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Download the article. Anatomy-trains.png 1 014 × 1 391 pixels. Notes on Anatomy and Physiology: Slings at the Front, Slings at the Back | For awhile now, we’ve been delineating hand to foot continuities that run throughout the body, providing strength, flexibility and a more developed sense of one’s body in space as they unfold. These patterns of uninterrupted flow, created by sequences of muscle, tendon, fascia and bone, come and go with movement.

We saw, last time, how motion of the hands helps create lines of pull that travel by various routes up into the torso. Our task today is to look for some of the strings that will convey these impulses from the torso down into the pelvis, legs and feet. Back of the torso A good place to start is at the back of the trunk. Remember that you can enlarge an image simply by clicking on it. The next two drawings provide an overview of what Myers calls the Back Functional Line. Fig 1 The Back Functional Line. Fig 2 Diane Lee refers to this same line as the posterior oblique sling. If we had started with the right latissimus, we would have ended up at the left tibia. Front of the Torso 1. Img_0240.jpg 1 225 × 2 949 pixels. Img_0145.jpg 1 546 × 2 990 pixels. Anatomy Trains Introduction. A Tour of the Spiral Line. The Shoulders and the Spiral Lines Clip. ‎

Intension designs - the geometry of anatomy. Among clinicians and bodyworkers today, there appears to be a great deal of interest in the concept of tensegrity as it applies to living forms, but much confusion as well. In some circles it seems to be the flavour of the decade but what are they talking about? What exactly is a tensegrity? Is it a useful scientific description and explanation for anatomical function? Or is it just a metaphor for the intuitive feeling that bodies behave as whole systems held in connective tension? If the latter, it’s as good or better than any other analogy and the definition can remain vague. I’m not an anatomist, a biomechanist, or a body worker. Quite a mouthful, but put this way, I can focus on the geometry of the body and speculate on how and if, it is composed of patterns identifiable as tensegrities. My tensegrity models are abstractions of the body designed to approximately diagram forces and movements that act on anatomical structure.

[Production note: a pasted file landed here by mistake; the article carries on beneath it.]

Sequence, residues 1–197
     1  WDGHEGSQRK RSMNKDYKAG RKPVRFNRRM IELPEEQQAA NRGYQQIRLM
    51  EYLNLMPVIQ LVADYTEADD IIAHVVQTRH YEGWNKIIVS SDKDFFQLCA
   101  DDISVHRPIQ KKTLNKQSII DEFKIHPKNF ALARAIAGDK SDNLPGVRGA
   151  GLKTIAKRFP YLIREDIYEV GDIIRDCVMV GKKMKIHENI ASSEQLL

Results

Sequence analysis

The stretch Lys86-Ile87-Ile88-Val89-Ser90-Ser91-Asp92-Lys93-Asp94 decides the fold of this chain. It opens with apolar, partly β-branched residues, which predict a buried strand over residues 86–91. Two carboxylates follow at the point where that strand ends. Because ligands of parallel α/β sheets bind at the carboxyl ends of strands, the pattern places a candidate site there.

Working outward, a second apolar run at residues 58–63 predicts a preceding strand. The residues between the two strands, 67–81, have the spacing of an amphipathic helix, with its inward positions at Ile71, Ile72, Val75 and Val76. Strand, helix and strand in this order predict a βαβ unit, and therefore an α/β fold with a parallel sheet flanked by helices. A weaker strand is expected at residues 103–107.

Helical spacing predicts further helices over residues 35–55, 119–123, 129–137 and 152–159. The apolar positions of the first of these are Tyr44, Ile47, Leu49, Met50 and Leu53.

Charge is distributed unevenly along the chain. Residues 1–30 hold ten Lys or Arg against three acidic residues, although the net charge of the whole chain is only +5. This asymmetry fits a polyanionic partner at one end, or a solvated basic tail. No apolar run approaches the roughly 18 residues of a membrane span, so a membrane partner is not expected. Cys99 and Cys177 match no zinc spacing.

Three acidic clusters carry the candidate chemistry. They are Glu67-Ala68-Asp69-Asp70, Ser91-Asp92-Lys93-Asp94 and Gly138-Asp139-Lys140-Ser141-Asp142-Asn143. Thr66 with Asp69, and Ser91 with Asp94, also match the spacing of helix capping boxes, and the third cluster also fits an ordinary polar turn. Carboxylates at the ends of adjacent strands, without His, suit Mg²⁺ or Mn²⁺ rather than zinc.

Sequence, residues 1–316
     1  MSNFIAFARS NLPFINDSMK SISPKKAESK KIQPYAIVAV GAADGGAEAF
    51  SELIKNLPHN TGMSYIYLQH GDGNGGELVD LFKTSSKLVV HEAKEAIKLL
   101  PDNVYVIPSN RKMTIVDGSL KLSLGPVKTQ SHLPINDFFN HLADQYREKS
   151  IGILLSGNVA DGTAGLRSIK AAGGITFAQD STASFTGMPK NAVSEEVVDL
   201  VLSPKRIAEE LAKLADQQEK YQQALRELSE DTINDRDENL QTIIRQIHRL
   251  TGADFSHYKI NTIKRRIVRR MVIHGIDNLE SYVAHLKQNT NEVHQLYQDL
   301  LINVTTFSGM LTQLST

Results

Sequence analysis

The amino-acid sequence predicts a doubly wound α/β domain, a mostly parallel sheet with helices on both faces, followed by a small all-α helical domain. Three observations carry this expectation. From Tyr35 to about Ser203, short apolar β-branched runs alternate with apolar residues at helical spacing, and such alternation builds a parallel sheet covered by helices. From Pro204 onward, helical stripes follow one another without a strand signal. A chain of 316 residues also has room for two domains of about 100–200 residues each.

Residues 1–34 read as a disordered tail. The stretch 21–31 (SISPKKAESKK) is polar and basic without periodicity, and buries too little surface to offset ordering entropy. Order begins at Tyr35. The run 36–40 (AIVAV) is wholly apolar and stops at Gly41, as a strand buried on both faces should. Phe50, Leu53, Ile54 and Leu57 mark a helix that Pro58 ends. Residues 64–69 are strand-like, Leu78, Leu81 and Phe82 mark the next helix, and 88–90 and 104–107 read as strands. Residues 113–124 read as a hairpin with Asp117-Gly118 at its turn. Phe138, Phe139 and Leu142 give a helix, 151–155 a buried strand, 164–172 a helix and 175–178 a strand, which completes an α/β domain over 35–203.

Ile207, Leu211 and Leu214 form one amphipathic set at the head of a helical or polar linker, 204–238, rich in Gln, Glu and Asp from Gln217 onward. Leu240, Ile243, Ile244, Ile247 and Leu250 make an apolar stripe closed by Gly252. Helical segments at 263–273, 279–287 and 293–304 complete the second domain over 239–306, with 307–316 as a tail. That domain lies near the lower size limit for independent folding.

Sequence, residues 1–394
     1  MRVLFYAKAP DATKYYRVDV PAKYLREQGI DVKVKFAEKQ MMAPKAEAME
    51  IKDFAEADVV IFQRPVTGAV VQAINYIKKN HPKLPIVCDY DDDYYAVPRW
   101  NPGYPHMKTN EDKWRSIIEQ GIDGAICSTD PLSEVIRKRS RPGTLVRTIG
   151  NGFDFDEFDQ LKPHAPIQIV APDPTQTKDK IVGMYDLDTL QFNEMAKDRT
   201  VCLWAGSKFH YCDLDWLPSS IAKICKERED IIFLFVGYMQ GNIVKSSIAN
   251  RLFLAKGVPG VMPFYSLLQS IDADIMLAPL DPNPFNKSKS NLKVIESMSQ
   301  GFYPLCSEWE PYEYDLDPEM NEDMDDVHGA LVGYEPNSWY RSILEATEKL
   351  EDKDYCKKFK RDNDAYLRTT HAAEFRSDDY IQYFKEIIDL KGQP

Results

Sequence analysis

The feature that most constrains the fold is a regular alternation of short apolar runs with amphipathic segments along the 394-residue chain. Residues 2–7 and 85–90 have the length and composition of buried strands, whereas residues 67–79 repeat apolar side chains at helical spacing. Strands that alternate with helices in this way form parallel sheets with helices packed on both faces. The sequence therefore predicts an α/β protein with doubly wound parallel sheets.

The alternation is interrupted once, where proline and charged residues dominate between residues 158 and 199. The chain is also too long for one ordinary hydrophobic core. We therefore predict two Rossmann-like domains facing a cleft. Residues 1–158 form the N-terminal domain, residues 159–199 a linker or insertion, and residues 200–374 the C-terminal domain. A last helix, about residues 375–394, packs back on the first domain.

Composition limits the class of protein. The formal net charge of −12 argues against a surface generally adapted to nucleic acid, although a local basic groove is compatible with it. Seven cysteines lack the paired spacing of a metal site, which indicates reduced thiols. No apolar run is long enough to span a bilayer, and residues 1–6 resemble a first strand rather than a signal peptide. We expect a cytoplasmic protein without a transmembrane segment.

Fig 1. Tensegrity is... How does Fuller define it? 1. Intension designs - the geometry of anatomy. Copyright T. Flemons 2012 (note: In this paper I assume some familiarity with tensegrity and the issues raised when applying it to vertebrate anatomy. My previous paper entitled ‘The Geometry of Anatomy’ provides the ground work for what is discussed here. It can be accessed on my web site and for convenience I have included the key concepts discussed in it. I am not an anatomist nor a clinician; my understanding is in the field of applied tensegrity, and in recognizing possible homologous structures in vertebrate anatomy.) This paper addresses one of the key questions raised by the theory of biotensegrity and discusses how and why it is likely a superior description of gross vertebrate anatomy. First, a brief overview of the two paradigms is needed. Nomad cultures in contrast, knew everything was connected and their constructions showed it.

Everyone recognizes the importance of tensile tissues in the support system of the body. Fig 1 fig 2 fig 3 © Tom Flemons 2012. Tensegrity Arm. Tensegrity Leg:foot. Tensegrity Torso. A tensegrity spine model. Tensegriteach. Large Tensegriteach. Tensegrity Pelvis. What is Tensegrity - Tom Myers. Spiralconnect.univ-lyon1.